On Wednesday, President Donald Trump said he's weighing a nationwide ban on e-cigarettes, after a handful of user deaths. Critics questioned if an executive order on a product that appears to help people quit cigarettes was wise. At the same time, there appears to be mounting evidence that the e-cigarette industry--particularly JUUL, the most successful company--advertised to children and may have skirted adequate regulation.
On Fox News Monday, Shepard Smith had e-cigarette industry lobbyist Tony Abboud on his show—and proceeded to grill him about his products' safety.
"Is vaping safe?" Shepard asked.
"Vaping, we know from scientists, is that vaping is safer than smoking cigarettes," Abboud said. Shepard promptly cut him off.
"No, it isn’t. Actually that’s not true. Because I have a Google machine and access to the research, which is worse, smoking or vaping?" Smith proceeded to read from a documents." "E--cigarette vapor may not result in an obvious smell or the traditional smoke from traditional cigarettes, it still has a negative impact on air quality, especially when vaping indoors. No long-term studies to back up claims that vapor from e-cigarette is less harmful than conventional smoke. Why do you push that line?" he asked. Abboud cited research from the Royal College of Physicians in England.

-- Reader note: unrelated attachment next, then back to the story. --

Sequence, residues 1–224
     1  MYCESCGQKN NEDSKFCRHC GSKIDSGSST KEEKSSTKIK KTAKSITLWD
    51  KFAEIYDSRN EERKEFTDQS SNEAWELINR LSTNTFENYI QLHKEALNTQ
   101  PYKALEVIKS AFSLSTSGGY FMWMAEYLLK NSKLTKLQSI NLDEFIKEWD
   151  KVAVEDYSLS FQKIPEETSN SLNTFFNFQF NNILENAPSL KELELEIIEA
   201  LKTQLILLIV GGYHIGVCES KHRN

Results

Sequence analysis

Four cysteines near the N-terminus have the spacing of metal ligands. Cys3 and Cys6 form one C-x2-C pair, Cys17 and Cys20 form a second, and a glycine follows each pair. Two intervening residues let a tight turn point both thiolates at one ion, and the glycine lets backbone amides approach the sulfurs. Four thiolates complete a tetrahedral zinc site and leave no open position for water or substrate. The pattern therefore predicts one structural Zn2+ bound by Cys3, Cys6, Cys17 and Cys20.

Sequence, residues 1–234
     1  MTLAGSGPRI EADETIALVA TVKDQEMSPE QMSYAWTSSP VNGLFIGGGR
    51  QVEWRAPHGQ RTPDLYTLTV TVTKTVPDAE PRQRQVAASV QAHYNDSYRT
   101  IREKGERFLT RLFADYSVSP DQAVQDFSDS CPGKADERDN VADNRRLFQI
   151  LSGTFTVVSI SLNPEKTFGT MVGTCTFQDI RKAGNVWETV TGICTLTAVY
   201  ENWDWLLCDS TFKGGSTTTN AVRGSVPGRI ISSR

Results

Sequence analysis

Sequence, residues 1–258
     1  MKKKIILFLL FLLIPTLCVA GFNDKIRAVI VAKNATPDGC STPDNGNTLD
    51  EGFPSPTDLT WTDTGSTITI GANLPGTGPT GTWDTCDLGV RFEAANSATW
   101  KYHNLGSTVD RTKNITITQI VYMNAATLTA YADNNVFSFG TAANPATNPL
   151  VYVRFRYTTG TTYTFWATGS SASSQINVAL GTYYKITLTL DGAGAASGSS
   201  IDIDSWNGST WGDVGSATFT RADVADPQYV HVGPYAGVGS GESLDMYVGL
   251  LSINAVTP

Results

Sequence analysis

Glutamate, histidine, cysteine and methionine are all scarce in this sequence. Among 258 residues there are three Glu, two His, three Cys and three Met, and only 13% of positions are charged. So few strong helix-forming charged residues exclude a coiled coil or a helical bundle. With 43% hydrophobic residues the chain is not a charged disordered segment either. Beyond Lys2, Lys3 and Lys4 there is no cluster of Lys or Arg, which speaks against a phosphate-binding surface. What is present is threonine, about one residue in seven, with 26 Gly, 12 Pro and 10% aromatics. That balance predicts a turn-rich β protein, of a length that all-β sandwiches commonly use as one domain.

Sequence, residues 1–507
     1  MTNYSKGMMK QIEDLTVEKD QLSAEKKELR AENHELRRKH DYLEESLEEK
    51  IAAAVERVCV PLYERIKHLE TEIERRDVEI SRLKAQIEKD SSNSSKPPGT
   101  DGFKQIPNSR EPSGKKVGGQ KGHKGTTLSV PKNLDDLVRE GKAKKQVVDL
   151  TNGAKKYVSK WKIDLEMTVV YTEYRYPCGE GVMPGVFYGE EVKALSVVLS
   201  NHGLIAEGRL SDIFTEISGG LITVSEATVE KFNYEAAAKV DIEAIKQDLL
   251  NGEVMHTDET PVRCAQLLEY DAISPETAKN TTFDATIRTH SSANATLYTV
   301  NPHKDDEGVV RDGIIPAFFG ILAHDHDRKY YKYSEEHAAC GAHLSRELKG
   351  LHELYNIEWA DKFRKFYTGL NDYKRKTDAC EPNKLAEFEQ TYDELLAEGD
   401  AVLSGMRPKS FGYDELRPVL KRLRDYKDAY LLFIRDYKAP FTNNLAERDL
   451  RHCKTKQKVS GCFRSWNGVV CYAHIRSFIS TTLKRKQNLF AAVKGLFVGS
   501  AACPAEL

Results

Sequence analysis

"We don’t live in England," Smith snapped. "Is it safe to vape?"
Abboud cited the American Cancer Society. "American Cancer Society says e-cigarette fall on the risk spectrum closer to the patch and gum and lozenges than they do to toxic cigarettes."
"American Lung Association says, quoting, 'E-cigarette’s are not safe and can cause irreversible lung damage and lung disease," Shepard noted. "That’s what they said."
"That’s what the Lung Association says. The cancer society says something different," Abboud countered.
"Can I get cancer from vaping or no?" Shepard asked.
"We don’t know that," he said.
"No, no, that’s not true. Here’s the truth on cancer-causing," Shepard said. "Vaping pumps cancer-causing substances into lungs. E-cigarettes have gained popularity as a safer and increasing the more fashionable triggers to traditional secrets but experts warn vaping causes e-cigarette users to inhale dangerous quantities of cancer-causing substances. That’s right, isn’t it? Is it right or not?" Shepard said.
"We don’t know if that’s right," Abboud said.
"We actually do know. We know nicotine — we do know that. Here’s the thing, the reason I’m trying to get answers to pointed questions that aren’t evasive or dodging is because for decades, there was an industry that hooked generations of people on a substance that kills us. People didn’t know, this is going to kill me, like my mom didn’t know, I’m going to smoke for 50 years and then I’m going to die with bad COPD because nobody told her at the beginning. It doesn’t feel like your industry is being completely safe with us when you say we don’t know. We do know. It definitely pumps carcinogens into our bodies. This is undeniable," he said.
"You are looking at individual studies," Abboud said.
"Oh, dear," Smith interrupted.
"You’re trying to draw correlations...even the FDA has looked at the significant harm reduction potential that e-cigarettes have."
Smith switched gears.
"Were they marketed to children or no?" Smith asked.
"There are some e-cigarette that in the past have been marketed in inappropriate ways and that’s why we in — "